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With a contract for 1000 calves cancelled by Ngai Tahu Farming, he described himself as a ''by-product'' of the disease saying there was no recognition for those in similar situations.
Left short of feed and likely to take a massive financial hit, he was perplexed by the iwi's motivation as he felt he had done everything to mitigate any concerns.
''We'd be better off if we had it. We would know where we're at [and could] set a plan and work around it. It would be acknowledged we had it, we'd be compensated. The way we are at the moment, we don't know where we stand,'' he said.
Mr Young and his wife, Jo, have a dairy farm near Browns and a run-off block in Northern Southland. For the second year, they had a contract to deliver bull calves to Ngai Tahu.
The contract, signed in August, was for 1000 calves delivered from March 1 to May 31 with a price of $3kg liveweight. In March, the calves were not quite ready and Mr Young suggested waiting until mid-to-late April.
An agent took what they thought was the proactive approach of drawing up a declaration stating, to the best of their knowledge, none of the cattle had been purchased, grazed or had any physical contact with cattle from any property confirmed to be Mycoplasma bovis positive, or placed under restrictions.
At the end of April, Ngai Tahu said it had a few questions and was reassured the agents had procured them directly from farmers they knew and farmers who bred them. Ngai Tahu also wanted a National Animal Identification and Tracing file of all animals which Mr Young supplied.
Mr Young also approached the Ministry for Primary Industries which said it was ''fine'' and if they had any tie-ups with farms known to be infected, they would have been shut down and unable to trade stock.
Ngai Tahu said the calves would be going to a block away from other stock, to eliminate any risk from the rest of its business and Mr Young took that as ''quite positive'' - that it was mitigating its risks and was still keen to continue with the deal.
But earlier this month, he was told Ngai Tahu did not want to proceed because a clause in the contract said the cattle should be in good health and free from injury or disease, and its lawyer did not believe they could prove the stock were free of disease.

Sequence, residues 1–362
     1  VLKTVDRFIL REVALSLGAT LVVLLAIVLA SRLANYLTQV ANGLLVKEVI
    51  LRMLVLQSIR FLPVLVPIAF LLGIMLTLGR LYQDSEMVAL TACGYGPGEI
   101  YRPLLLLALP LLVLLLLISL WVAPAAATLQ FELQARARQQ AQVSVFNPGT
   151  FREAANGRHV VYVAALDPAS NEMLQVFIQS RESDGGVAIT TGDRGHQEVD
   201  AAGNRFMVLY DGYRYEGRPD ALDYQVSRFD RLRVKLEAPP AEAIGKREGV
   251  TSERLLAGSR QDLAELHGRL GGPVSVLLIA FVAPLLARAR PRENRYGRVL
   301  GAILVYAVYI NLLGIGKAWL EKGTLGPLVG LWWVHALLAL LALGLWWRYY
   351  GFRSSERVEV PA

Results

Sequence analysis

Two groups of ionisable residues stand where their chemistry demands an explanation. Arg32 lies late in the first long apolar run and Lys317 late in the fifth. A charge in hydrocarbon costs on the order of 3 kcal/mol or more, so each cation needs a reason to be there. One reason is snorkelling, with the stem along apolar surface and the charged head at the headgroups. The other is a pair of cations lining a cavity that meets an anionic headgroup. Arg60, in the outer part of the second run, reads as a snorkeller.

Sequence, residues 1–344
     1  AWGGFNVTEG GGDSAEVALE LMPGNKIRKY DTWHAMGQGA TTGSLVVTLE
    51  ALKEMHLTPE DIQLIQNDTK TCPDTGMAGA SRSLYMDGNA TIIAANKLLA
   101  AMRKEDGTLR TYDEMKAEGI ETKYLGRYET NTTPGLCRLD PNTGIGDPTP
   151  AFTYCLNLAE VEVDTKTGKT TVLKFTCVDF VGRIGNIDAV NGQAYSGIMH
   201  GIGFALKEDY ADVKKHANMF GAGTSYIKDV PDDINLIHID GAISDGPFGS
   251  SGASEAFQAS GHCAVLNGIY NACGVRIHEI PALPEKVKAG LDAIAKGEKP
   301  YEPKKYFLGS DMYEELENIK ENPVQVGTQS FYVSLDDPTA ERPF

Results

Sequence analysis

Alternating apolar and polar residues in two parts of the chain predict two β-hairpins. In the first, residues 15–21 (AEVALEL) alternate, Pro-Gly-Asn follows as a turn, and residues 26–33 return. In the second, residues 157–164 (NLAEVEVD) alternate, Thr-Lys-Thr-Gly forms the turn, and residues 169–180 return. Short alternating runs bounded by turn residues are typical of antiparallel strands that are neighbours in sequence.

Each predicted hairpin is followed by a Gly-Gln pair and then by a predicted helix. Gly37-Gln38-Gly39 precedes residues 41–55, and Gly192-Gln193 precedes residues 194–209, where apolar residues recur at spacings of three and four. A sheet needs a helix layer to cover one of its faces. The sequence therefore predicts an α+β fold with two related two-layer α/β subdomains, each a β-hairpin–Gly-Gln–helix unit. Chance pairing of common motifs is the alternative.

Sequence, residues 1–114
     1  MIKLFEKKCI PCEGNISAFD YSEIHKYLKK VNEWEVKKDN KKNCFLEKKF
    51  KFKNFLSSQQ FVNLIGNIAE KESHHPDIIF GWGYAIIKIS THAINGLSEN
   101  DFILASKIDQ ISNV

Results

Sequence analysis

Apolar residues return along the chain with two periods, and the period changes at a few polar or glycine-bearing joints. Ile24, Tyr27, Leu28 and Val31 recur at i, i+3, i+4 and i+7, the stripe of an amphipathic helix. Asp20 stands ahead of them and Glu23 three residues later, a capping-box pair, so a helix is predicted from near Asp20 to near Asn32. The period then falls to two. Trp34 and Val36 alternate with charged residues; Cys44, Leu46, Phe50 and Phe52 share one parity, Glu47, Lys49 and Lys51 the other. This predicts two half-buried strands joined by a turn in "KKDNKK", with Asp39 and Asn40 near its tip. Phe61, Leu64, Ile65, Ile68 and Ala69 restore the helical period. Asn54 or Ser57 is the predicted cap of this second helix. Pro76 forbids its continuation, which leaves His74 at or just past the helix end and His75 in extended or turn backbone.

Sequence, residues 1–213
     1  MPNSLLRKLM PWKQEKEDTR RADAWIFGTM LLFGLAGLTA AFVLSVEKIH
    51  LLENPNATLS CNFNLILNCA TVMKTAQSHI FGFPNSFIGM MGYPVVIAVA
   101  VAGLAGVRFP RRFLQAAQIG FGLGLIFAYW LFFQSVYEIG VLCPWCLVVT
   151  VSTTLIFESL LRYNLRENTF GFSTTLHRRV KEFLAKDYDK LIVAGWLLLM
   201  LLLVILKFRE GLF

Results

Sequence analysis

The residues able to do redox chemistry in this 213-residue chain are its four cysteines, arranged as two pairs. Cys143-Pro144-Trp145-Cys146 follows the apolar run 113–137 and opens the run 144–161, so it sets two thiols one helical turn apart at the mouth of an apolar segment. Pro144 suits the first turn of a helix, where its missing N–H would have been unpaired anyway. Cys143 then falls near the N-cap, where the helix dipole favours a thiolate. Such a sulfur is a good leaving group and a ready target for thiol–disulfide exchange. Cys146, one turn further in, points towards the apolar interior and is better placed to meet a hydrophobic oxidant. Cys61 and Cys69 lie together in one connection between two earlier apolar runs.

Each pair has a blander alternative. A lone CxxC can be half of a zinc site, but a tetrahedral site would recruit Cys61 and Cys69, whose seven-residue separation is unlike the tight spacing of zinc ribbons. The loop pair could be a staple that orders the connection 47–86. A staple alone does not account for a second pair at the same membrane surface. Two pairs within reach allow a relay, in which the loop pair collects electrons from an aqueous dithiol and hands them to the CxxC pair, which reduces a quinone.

Mr Young said the calves were fit and healthy and they had done their due diligence to ensure they did not have any risks or links to Mycoplasma bovis.
If Ngai Tahu did not want to proceed with the purchase, then he expected it to make up the difference to what they would get for the stock now on the open market.
Stock of that nature had ''taken quite a hiding lately'' and the likely price now was about $2.40 and, at that level, it would barely cover what the couple paid for them.
Ngai Tahu offered $10,000 as settlement but that would barely cover legal costs. The calculation they were working on was about $150,000, he said.
Meanwhile, they had run out of feed, having never expected to have the calves so long. They had to buy in palm kernel and had also eaten into a large amount of winter feed, while prices for feed had ''gone through the roof''.
''Everything was positive all the way up to it.
''If they had told us a month ago, they would have been sold at decent money. We've asked what else we need to do, they haven't been forthcoming,'' he said.
It had got to the stage couple could not afford to keep the cattle and would have to quit them - at a much reduced price - and he hoped to have half away this week. Ngai Tahu did not respond to calls or emails from the Otago Daily Times this week seeking comment.